(December 19, 2018)–Summary: Pennsylvania has its third through eighth graders take Pennsylvania System of School Assessment (PSSA) tests annually. These tests are designed to assess academic achievement in three areas—math and language arts, as well as science, in fourth and eighth grades. Eleventh graders for the last few years have taken the Keystone exams in math, literature and science rather than PSSA tests. This Brief focuses on the PSSA scores.
2018 scores for the state have been posted. Student achievement is assigned to one of four levels: below basic, basic, proficient and advanced. Of course, the desired level is proficient or advanced. Advanced recognizes the student’s achievement to be above, or well above, the level necessary to move up to the next grade. A proficient rating means the student has a grade-level mastery of the subject adequate to move on to the next grade. Basic means the student has some understanding but not sufficient to move on without remedial help. Below basic means the student has little or no grasp of the subject matter taught in that grade.
Suffice to say, the 2018 results are not encouraging. First of all, the percentage of students scoring advanced or proficient in math fell slightly from the 2017 level in grades three, four, six and eight. The percentage advanced or proficient edged a bit higher in fifth and seventh grades. Only in third grade did more than half of students score proficient or higher, 54.5 percent in 2017 and 54.1 percent in 2018. That means that for every other grade the combined percentage of basic or below basic is above 50 percent.
The worst of the findings in the PSSA results is the sharp decline in scores with each higher grade in both 2017 and 2018. In 2018, the third grade combined basic and below basic percentage was 45.9. By sixth grade that combined percentage climbed to 60.5 percent and by eighth grade reached 69 percent.
English language arts scores tend to run higher than the math scores but remain well below levels the state should find acceptable. About 40 percent of students in each grade from third to eighth scored in the combined basic and below basic categories. And while better than the near 60 percent scoring basic or below basic in math in all grades but the third, 40 percent falling behind in third through eighth grades is a huge problem, especially for the high percentages of eighth graders who will be entering high school unprepared for ninth grade in math and English language arts.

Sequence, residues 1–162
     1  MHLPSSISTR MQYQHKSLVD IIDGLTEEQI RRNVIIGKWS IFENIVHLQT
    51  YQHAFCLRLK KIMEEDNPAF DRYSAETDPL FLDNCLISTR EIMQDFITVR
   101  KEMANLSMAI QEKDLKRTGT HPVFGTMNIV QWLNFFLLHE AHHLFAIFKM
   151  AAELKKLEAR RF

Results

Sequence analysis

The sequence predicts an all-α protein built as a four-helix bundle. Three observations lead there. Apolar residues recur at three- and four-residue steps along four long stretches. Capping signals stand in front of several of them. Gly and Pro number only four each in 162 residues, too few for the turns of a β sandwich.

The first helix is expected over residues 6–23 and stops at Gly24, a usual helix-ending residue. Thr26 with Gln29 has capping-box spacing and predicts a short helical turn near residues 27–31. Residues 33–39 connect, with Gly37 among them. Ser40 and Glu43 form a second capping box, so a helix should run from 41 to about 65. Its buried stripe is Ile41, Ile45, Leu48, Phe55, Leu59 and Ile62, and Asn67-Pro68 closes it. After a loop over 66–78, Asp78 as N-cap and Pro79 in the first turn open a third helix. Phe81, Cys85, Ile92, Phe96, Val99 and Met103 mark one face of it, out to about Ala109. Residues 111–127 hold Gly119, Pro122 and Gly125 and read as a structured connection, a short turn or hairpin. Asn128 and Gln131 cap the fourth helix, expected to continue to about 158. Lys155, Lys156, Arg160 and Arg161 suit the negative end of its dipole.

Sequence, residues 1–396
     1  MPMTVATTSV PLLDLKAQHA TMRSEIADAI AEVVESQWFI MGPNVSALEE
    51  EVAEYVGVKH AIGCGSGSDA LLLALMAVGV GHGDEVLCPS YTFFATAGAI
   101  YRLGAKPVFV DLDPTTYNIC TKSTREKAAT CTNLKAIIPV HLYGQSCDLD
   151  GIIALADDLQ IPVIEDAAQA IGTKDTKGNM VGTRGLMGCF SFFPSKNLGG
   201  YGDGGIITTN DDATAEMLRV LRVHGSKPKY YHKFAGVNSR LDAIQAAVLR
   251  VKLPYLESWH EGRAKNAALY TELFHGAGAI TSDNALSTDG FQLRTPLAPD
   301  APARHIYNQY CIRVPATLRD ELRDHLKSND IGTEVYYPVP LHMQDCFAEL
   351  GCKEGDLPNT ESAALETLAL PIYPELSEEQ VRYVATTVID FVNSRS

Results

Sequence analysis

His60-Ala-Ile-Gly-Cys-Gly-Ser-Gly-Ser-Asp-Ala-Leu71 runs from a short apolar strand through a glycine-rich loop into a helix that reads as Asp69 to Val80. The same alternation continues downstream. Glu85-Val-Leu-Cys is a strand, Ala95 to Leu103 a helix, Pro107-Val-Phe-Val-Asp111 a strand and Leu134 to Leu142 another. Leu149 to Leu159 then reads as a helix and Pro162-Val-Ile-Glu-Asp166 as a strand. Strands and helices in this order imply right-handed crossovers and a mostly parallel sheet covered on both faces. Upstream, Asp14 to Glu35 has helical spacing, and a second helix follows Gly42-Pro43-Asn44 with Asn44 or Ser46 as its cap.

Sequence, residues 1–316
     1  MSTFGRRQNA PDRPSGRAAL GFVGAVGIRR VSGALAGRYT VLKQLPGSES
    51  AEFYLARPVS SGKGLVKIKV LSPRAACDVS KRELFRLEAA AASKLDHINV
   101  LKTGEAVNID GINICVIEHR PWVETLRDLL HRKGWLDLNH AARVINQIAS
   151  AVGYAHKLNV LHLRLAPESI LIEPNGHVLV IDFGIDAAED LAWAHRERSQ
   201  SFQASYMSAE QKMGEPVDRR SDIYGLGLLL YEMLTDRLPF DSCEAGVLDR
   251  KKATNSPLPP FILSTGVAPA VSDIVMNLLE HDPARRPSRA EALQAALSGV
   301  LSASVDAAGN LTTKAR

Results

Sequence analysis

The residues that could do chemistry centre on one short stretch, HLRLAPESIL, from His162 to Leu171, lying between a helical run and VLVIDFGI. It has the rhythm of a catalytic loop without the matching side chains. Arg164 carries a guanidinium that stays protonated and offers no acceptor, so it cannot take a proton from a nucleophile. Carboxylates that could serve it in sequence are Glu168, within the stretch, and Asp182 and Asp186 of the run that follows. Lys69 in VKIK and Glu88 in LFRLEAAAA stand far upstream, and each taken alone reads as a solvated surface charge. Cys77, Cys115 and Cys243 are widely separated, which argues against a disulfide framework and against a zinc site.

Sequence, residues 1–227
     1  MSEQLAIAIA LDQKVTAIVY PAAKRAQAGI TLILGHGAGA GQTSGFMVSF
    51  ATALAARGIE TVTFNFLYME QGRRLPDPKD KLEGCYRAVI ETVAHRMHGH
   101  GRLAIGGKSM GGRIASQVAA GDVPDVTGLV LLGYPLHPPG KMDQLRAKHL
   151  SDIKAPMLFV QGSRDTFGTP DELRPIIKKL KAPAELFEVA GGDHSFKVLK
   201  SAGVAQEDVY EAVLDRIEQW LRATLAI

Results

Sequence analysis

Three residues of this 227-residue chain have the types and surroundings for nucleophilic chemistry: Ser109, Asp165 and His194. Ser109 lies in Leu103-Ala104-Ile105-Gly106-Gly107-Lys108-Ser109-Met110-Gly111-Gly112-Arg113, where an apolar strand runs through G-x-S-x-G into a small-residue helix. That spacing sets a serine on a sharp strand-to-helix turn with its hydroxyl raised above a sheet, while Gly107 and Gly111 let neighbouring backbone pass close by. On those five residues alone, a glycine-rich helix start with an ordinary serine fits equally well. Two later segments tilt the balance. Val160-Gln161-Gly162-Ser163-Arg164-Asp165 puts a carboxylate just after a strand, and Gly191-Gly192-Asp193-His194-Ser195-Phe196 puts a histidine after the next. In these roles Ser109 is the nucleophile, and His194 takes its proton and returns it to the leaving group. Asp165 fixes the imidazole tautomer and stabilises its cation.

Moreover, with only 53 percent of eighth graders scoring proficient or higher in the science portion of the exam, the inadequacy of preparation for high school is even more pronounced.
A very interesting statistic is found in the Education Department’s PSSA results report. 750,302 third through eighth grade students were tested in 2018. Of that number 414,495 are classified as historically underperforming. That means they are either economically disadvantaged, English learners or have an individualized education plan. A student falling into more than one of those categories is counted just once.
What an amazing statistic—55.2 percent of elementary school test takers are classified as historically underperforming (HU). It is stunning to contemplate that well over half of Pennsylvania elementary students are in the HU classification. One would assume that the bulk of these children are in the HU grouping because of economics. But that begs the question of how poor does a child’s family have to be to qualify as disadvantaged. And given that school and transport, and in many cases breakfasts and lunches, are free, it must be that the category is trying to capture something else that is detrimental to learning.
And as it happens, the HU students as categorized by the Education Department do underperform the average of all students; indeed they bring down the all-student average. The underperformance occurs in all three subjects tested—math, English and science. For example, in math 47 percent of the HU students in third through eighth grades scored below basic while the all-student average was 31.9 percent. Likewise the HU students had a much lower percentage of advanced or proficient at 25.2 percent compared to 42 percent for the all-student average. Using the state’s data for the average and HU student scores for the proficient or higher rating of third through eighth students, the scoring percentage for the non-HU students can be calculated. In math, those students would have had a combined proficient and advanced percentage of 62.7
And while the numbers for science and English are better, overall the pattern of HU students falling well short of the average scores is maintained.
How is it that “historically underperforming” seems to have a great impact on learning but not sports performance? In 2017 Aliquippa’s 11th graders (59 test takers) performed poorly on math with 71 percent basic or below basic and only 27 percent proficient. And remember that the math test is on Algebra I which can be taken just before the exam. In science these students had 83 percent score basic or below basic. Note that of the 59 test takers, 58 are classified as historically underperforming. Yet despite the inability of the vast majority of students to show meaningful academic achievement, the football team just won its 17th WPIAL championship in its division and another state title. Does this mean poor children cannot learn math or science but they can master a complex and demanding sport? Priorities appear to be misplaced.
Indeed, are there no academic requirements to play sports?
Pennsylvania needs to get over its excuse-making for poor academic performance, especially considering the sums spent on remedial education and other special programs aimed at improving quality of education.
Jake Haulk, Ph.D., President Emeritus & Senior Advisor
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